You must be a voracious reader. You find insightful, articulate, rounded articles to share and your ‘editorial comments’ are top notch.

    Liked by 1 person

  2. the unit says:

    Duh, what? Government shut down reduced GNP it says. How does not spending money confiscated from taxpayers who earned it in real GNP earning times, where government doesn’t make any GNP in the first place increase GNP?
    Er, not really expecting an answer. Plenty of places to consider what experts say. 🙂
    http://theconversation.com/whats-the-economic-impact-of-a-government-shutdown-109182
    And etc.

    Liked by 1 person

  3. Nicholas says:

    Technological changes mean that we should actually be able to set up “smart factories” in the West and make decent profit on manufacturing again (few staff needed, so few wages; good control over output to respond to market demand). These can be expensive to set up, but in the long run they truly are profitable and can go a long way to balancing our economies and reducing haulage and shipping (though we would still need to import any raw goods we cannot produce ourselves). If we had IPOs on these and restricted investment to citizens, we could also ensure that dividends benefitted our own people, at least initially until the shares were traded.

    Like

    • NEO says:

      You are spot on. The problem for us both has been (and largely still is) that our large businesses are dominated by finance and lawyers. The finance people are only concerned with the quarterly bottom line and the stock market, and lawyers are inherently deal breakers and risk averse. For you, over regulation is also a problem, here too but we are getting it under control. You guys can’t even start until you Brexit.

      Liked by 1 person

      • Nicholas says:

        Exactly, I couldn’t agree more. Short sightedness is stopping a lot of firms from making the big initial outlays that will put them ahead and into sustainable positions. The technology is here: I see it advertised in the FT and elsewhere. Short-termism is also responsible for the overleveraged state of a lot of “zombie companies” in Europe and the UK (not sure about the USA). Low interest rates, forced on us by central banks and government, is making loans way too attractive. As a person influenced by the Austrian School, I believe in growth built on savings, not debt. Companies out to be careful about throwing out dividends: retained profits and investment leads to capital growth. It’s a shame we have taxes on capital gains and income from dividends – it’s bad for investment.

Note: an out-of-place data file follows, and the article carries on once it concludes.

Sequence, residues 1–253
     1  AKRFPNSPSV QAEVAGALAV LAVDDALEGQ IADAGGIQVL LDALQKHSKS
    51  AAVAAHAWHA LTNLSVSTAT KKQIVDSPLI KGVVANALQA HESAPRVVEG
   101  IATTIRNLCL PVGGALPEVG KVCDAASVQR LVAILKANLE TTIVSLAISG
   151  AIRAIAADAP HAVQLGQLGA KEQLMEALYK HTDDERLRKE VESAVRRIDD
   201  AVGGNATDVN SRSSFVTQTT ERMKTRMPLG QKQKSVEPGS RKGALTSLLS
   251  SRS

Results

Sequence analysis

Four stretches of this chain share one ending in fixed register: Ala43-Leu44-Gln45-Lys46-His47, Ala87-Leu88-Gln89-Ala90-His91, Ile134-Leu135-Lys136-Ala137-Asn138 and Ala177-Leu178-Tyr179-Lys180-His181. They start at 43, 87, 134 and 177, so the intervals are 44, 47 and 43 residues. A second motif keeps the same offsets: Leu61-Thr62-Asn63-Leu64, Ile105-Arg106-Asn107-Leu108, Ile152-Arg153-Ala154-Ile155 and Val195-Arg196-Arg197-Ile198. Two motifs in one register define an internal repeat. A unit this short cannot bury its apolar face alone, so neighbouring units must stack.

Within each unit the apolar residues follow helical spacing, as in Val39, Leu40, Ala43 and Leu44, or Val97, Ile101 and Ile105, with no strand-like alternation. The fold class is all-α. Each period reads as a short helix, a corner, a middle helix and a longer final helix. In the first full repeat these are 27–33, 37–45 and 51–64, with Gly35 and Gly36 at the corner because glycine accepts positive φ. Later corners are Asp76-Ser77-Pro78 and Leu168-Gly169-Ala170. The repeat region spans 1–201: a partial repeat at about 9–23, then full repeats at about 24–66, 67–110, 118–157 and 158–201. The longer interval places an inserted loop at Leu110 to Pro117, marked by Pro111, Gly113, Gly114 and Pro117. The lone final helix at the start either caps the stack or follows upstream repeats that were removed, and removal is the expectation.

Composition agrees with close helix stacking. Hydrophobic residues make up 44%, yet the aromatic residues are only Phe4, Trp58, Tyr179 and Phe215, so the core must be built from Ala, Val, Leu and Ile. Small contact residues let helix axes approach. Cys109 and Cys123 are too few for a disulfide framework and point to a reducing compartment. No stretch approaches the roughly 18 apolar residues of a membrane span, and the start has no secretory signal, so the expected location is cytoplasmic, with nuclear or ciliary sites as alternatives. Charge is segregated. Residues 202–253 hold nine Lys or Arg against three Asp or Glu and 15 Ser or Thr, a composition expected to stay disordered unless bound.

Liked by 1 person

        • NEO says:

          It is, indeed bad for investment. That’s what we are seeing from our tariff dispute with China, jobs are coming back as we make it more profitable (although maybe not this quarter) to manufacture here. I’m basically a free trader, but when a country abuses every part of a trade relationship, other measures must be taken.

          Liked by 1 person

        • Nicholas says:

          I agree. I favour capitalism over socialism, but I like to see people making fair deals. What the market does is just the product of how people are, but Christianity calls people to rise above the sin nature. A capitalist world of true Christians would not have the abuses we experience in this present age. Of course, resurrected Christians probably don’t need trade: I imagine they have no need to eat and cannot be harmed by the elements.

          Liked by 1 person

        • NEO says:

          Capitalism is best defined as trade for mutual benefit. If it is not mutual in is something other, mercantilism, corporatism, some other ism. It is, perhaps, moral trade, which is easier to see in our personal life. If I don’t perceive value for money (or time, or whatever) in something I purchased, I will not again so purchase, and so the vendor is cutting off (an admittedly small portion of) his nose to spite his face. It’s the reason natural monopolies don’t exists, if they get too greedy, another solution to the problems will be found. Only monopolies enforced by force (and this may apply to social media today) can exist.

          Liked by 1 person

        • Nicholas says:

          Indeed, Christian morality must sit above all our actions, including trade. The fact that both parties gain something out of a transaction does not necessarily mean that they have both behaved honourably or honestly.

          Liked by 1 person

        • NEO says:

          No, but it makes it likely.

          Liked by 1 person

  4. Nicholas says:

    This may be of interest regarding China’s currency ambitions:

    Liked by 1 person